Study: Lower your risk of death with a short walk

Study: Lower your risk of death with a short walk

The less exercise, the better … is a phrase no one ever says. But a new study from the University of Cambridge may offer hope for even the busiest among us.

In a new study published in the British Journal of Sports Medicine, scientists say 11 minutes a day of moderately intense physical activity, like a brisk walk, can be enough to lower the risk of heart disease, stroke and several types of cancer.

Currently, cardiovascular disease is the leading cause of death around the world. Physical activity is a key preventive — but for many, the idea of doing 150 minutes of moderately strenuous activity a week feels daunting.

The good news? Researchers found that just 75 minutes per week of moderate activity is enough to reap the benefits of more stringent exercise regimens. That aforementioned short, brisk walk can decrease your risk of developing cardiovascular disease by 17% and cancer by 7%.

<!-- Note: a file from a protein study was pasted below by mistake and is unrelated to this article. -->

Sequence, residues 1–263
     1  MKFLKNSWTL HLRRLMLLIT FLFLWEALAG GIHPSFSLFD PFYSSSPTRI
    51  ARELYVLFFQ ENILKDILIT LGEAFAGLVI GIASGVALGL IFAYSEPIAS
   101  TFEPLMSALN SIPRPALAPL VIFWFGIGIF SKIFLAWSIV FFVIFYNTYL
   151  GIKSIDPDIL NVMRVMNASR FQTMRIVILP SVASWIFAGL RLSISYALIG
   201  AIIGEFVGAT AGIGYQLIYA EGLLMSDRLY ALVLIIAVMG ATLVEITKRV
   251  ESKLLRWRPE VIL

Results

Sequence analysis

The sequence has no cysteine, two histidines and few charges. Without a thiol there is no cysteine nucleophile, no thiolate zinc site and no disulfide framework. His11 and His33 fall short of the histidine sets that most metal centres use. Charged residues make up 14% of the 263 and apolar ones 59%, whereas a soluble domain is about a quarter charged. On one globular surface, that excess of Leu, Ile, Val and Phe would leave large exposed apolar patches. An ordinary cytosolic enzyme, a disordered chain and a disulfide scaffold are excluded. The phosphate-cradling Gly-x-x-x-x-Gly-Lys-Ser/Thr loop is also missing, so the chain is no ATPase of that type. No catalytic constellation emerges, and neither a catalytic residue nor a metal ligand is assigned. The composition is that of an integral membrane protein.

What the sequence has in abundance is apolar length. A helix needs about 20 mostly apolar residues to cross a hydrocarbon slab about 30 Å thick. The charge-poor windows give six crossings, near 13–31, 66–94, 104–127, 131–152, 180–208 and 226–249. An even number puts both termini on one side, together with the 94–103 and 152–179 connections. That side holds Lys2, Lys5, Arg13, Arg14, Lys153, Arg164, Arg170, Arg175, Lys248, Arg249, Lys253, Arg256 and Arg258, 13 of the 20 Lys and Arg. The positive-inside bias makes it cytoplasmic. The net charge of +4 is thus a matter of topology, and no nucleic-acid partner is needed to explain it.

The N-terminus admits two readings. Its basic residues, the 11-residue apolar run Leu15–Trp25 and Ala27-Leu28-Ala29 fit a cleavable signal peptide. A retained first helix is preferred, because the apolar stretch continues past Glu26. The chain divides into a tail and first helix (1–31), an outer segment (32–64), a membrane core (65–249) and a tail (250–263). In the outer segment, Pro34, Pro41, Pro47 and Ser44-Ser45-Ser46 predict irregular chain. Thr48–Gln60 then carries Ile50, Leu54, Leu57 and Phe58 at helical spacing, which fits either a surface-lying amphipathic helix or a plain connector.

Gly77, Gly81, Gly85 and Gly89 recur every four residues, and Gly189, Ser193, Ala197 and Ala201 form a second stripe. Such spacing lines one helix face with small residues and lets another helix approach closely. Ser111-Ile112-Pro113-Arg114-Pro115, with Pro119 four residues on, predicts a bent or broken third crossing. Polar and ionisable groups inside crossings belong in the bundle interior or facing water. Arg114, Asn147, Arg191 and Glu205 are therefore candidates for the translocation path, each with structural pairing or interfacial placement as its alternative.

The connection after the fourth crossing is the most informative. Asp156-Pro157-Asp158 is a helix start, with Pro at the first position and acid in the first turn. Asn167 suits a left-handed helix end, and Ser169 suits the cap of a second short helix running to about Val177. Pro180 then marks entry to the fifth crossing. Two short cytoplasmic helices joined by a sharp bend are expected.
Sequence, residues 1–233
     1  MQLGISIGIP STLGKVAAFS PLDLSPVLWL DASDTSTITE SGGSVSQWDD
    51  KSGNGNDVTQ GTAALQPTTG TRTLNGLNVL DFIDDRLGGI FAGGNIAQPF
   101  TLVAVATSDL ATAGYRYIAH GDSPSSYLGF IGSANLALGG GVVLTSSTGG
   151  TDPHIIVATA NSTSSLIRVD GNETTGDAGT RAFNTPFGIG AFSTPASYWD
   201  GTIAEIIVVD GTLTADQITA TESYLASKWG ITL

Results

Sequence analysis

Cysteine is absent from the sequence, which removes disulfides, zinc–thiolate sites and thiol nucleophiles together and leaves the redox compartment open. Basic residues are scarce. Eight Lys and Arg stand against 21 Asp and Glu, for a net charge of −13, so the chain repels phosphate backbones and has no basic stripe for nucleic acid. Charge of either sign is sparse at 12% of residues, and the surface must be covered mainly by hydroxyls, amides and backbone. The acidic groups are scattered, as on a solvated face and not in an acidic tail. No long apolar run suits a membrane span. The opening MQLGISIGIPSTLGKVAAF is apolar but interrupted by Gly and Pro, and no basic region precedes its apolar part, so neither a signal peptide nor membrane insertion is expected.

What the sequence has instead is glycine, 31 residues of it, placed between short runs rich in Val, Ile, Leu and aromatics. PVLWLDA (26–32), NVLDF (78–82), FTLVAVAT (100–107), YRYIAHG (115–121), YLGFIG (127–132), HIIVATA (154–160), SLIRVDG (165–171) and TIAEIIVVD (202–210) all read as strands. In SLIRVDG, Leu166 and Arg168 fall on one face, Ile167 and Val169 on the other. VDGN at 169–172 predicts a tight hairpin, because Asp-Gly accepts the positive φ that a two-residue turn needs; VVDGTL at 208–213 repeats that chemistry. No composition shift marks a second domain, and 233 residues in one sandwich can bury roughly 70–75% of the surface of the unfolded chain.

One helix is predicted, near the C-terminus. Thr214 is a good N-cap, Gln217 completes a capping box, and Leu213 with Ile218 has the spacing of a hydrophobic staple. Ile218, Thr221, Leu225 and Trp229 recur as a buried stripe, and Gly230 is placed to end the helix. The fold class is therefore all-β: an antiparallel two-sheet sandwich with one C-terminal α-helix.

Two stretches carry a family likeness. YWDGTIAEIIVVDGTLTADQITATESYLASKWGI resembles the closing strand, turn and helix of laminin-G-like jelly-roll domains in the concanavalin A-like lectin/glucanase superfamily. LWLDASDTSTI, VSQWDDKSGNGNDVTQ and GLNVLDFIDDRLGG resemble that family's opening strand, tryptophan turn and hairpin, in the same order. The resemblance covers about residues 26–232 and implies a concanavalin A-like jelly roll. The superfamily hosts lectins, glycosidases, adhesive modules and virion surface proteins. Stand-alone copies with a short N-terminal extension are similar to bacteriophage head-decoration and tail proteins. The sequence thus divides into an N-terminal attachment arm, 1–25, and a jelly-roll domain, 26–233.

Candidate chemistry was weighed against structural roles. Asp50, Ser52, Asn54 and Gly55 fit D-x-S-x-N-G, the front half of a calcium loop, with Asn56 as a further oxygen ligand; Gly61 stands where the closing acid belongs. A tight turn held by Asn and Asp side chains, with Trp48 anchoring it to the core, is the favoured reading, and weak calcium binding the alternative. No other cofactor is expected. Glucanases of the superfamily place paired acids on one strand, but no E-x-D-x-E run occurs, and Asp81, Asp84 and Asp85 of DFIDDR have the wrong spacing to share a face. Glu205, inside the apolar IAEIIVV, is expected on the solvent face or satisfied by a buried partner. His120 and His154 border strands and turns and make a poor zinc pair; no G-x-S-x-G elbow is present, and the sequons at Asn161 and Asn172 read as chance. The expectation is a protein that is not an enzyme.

In particular, you’ll lower your risk of head and neck cancers, as well as myeloid leukemia, myeloma and some stomach cancers. In short, there’s a lot to be said for even a little bit of movement.

Sports and running are great for those who enjoy them. But you can get your daily dose of that much-needed moderate activity by switching up your daily routine and swapping in some new habits, like walking to work or your local coffee shop and engaging in active play with your children or grandchildren. The key is to find something you enjoy so you’ll stand a much better chance of sticking with it.

And if changing your habits feels like too much, start small — like a nice, 11-minute walk. It’ll be over before you know it.

Related Episodes